Biology

Structure and Function of Cells

Lesson Plan

State Standards:

Structure and Function of Cells
Strand #2: Recognize that all organisms are composed of cells, and that many organisms are single-celled (unicellular) e.g. bacteria, yeast. In these single- celled organisms, one cell must carry out all of the basic functions of life.

Essential Question:

What does it mean to be alive?

Lesson Question:

What do plants and animals have in common?

Introduction:

Introduce students to the idea that all living organisms are composed of one or more cells. And, to be considered living or having lived the organism must exhibit the following: growth, respiration, reproduction, feeding, excretion, sensitivity, movement.

 

Task:

Post a KWL chart and ask students what they know about animal and plant cells. Then what do they want to know.

Present different objects and ask students to determine if they are live or not. Have students
explain their reasoning.

Introduce students students to "alive" criteria - what is means to be alive or have been alive. i.e. growth, respiration, reproduction, feeding, excretion, sensitivity, movement.

Break students into groups of 4 based on varied levels of understanding and learning styles. Assign each group an animal or plant. (simple to complex )

Each group will find a picture of the assigned plant/animal and a picture of a cell associated with that plant/animal.

Each group will present their findings to the class and will discuss/present in terms of criteria for being live and the complexity of the organism.
(Can post presentations/pictures on classroom web page using web 2.0 tools)

Facilitate discussion in comparing and contrasting different organisms in terms of complexity and similarities. Refer to what all organisms have in common, what it means to be alive, and basic commonalities in cell functions in plants and animals. Make connection between what the "whole animal/plant" does and the "individual cell" of the animal/plant does.

Post what the students have learned on the KWL chart.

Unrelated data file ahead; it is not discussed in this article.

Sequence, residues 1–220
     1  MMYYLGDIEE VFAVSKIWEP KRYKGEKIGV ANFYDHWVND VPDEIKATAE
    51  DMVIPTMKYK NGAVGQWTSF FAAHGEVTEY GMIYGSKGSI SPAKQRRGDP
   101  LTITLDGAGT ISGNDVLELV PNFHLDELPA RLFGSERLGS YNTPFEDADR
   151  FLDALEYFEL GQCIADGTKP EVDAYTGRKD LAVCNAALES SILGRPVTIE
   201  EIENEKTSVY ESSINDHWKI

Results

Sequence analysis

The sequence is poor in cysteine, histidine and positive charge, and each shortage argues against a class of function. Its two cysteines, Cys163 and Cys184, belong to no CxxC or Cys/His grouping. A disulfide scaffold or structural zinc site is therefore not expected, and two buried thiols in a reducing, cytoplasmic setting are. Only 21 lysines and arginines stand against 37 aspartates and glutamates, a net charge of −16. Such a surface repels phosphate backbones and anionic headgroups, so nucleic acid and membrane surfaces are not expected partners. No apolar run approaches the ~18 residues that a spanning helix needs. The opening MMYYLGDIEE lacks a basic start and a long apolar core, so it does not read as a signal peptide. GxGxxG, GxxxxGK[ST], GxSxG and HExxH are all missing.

ACTIVITY TYPES:
Conceptual Knowledge Building Activity Types:Students will view video on cells. They could view video on their own computers/hand-held devices or the video could be shown using a smart board to all students.
Procedural Knowledge Building Activity Types:Students using the activities/labs mentioned above will observe and gather data which can be recorded on a spreadsheet, word processing software and or documented and shared with a flip video.
Knowledge of Expression Activity Type: Using presentation software or a video creation students can demonstrate findings and discuss/debate understanding and concepts within the classroom or on a class website.

 

Lesson Experiences:

It is difficult for students to conceptualize the idea that all living organisms are composed of one or more cells. Also, that plant and animal cells have common functions/structures and that one cell must carry out all the basic functions of life.

Conclusion:

As an introduction to cells- and the understanding that all living organisms are composed of one or more cells this lesson works well. It can be easily differentiated to all levels on ability.

Assessments:

Informal: Science journals, classroom discussions, KWL chart
Formal: Tests, quizzes, presentations

Resources:

Video to support understanding that all organisms are composed of cells.

Technology - computer access, overheard projector

Textbook, handouts

Presentation Rubric